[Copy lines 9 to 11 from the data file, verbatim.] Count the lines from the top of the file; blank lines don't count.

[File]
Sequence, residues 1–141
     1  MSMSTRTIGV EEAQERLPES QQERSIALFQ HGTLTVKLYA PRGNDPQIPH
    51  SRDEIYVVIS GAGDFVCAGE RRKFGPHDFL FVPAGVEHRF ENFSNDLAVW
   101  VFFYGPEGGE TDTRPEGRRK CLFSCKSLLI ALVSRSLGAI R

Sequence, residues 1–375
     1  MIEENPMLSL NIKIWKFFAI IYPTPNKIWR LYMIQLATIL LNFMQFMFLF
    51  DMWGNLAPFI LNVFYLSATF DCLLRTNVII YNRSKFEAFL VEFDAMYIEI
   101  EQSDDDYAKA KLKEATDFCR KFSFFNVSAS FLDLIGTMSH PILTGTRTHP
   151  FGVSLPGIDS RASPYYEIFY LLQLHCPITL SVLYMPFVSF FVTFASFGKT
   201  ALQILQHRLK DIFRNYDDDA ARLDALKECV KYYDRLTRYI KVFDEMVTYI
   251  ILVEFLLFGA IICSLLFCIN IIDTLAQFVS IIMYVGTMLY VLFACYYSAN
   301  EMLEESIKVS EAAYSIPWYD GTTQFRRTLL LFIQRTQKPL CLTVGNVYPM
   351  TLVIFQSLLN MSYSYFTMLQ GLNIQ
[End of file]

   151  FGVSLPGIDS RASPYYEIFY LLQLHCPITL SVLYMPFVSF FVTFASFGKT
   201  ALQILQHRLK DIFRNYDDDA ARLDALKECV KYYDRLTRYI KVFDEMVTYI
   251  ILVEFLLFGA IICSLLFCIN IIDTLAQFVS IIMYVGTMLY VLFACYYSAN